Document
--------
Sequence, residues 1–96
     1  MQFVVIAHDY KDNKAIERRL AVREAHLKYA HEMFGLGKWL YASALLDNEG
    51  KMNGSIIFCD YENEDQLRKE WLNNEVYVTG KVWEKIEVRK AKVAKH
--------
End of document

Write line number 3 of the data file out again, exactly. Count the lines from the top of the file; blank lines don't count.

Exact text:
    51  KMNGSIIFCD YENEDQLRKE WLNNEVYVTG KVWEKIEVRK AKVAKH